Today I spotted an article about a local wine seller of considerable reputation.
I’m hardly the first person to point out the parallels between the tea and wine world (though I think the former tends to be far more aware of making the connection to the latter than vice versa, especially as the latter has tended to be almost entirely Euro and Western-centric), but I thought there were some interesting words in here that are fairly applicable to the tea savant. Namely,

It amuses Lynch that, for instance, he has been pegged as a proponent of so-called natural wines. In his new epilogue, he suggests that such wines’ proponents “in their zeal leave their palates behind.”

“People don’t realize that I made it a point not to have a philosophy, but to first consider the wine in the glass,” he says. “To sit around, arguing it like religion, doesn’t interest me at all.”


He prefers to frame his work differently. Having fallen in love with European wine during his 1970s travels, he wondered why so many Americans who made similar journeys would return and wonder why the wines they swooned over abroad didn’t taste as good back home.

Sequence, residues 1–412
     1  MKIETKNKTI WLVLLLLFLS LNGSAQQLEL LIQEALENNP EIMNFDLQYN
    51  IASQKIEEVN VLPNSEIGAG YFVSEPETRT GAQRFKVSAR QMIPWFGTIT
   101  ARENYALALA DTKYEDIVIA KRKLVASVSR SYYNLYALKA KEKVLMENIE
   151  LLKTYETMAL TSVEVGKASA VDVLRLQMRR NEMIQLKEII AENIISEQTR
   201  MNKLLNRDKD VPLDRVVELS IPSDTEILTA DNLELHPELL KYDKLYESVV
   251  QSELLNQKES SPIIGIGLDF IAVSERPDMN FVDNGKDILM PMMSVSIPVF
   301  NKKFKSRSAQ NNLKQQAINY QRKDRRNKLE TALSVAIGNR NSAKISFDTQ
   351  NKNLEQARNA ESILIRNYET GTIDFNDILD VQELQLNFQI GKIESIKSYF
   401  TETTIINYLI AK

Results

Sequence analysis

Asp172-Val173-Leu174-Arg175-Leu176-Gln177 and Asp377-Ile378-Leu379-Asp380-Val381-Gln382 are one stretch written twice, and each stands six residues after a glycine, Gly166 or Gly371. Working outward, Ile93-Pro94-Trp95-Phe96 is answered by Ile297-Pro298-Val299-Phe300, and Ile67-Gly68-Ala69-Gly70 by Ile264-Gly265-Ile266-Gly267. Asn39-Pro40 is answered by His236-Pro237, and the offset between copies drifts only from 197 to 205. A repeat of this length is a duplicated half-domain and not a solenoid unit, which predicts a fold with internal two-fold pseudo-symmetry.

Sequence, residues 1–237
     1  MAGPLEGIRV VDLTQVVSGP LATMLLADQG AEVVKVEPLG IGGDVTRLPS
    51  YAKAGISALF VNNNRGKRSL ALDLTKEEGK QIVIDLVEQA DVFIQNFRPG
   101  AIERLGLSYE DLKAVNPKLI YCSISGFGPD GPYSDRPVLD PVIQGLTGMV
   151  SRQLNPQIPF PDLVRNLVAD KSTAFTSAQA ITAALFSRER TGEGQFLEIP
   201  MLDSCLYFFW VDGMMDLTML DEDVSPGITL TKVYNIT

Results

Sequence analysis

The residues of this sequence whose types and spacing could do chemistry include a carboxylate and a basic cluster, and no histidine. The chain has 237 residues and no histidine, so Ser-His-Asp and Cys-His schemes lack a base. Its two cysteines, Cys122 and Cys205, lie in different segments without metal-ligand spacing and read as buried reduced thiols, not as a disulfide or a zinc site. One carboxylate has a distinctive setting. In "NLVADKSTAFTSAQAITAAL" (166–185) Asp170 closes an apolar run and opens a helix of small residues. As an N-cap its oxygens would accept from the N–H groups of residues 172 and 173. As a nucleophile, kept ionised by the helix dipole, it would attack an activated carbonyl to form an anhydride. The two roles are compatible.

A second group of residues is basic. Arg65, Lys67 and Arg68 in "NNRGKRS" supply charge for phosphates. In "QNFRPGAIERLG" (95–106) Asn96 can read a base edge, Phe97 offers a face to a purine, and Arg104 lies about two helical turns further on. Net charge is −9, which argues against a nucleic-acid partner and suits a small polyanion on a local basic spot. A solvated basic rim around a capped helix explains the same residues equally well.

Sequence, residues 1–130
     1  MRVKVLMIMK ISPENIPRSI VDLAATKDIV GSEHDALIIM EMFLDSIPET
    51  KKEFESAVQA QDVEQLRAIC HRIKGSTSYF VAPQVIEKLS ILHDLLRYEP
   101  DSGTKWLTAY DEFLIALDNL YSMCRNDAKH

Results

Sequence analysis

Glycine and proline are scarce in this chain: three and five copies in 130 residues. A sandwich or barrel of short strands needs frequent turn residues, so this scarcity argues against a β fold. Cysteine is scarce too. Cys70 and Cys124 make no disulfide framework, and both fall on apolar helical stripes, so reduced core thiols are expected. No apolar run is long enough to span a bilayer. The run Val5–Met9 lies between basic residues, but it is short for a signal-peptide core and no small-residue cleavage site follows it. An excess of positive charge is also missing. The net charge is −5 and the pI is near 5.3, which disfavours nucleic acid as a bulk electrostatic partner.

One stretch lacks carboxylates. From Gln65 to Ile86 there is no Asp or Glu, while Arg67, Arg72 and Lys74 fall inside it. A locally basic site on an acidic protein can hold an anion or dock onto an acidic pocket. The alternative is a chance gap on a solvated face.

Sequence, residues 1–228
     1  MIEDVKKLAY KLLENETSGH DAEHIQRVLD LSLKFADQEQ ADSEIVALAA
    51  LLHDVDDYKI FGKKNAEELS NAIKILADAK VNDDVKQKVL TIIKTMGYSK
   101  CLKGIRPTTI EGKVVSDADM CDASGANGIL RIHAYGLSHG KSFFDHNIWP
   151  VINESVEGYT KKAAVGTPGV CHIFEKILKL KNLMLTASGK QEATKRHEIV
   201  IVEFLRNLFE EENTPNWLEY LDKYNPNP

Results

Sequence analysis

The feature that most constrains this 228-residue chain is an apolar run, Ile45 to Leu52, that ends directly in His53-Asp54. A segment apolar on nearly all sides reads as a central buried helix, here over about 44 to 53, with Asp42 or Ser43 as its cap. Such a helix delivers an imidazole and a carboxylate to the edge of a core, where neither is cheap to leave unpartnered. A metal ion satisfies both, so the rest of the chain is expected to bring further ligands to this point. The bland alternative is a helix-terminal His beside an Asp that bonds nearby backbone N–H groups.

“A lot of my career,” he says, “has been figuring out why it doesn’t taste the same.”

Should ring a few bells for anyone who has thought about storage w/r/t to puer. Most pertinently, from a separate article I came across,

“So many people say, ‘I’d love to put some wines away to age, but I don’t have the money for those types of wines.’ You don’t need to be buying expensive wines to age!” He contends that there are plenty of very affordable wines (as in, under $20) that would absolutely benefit from aging.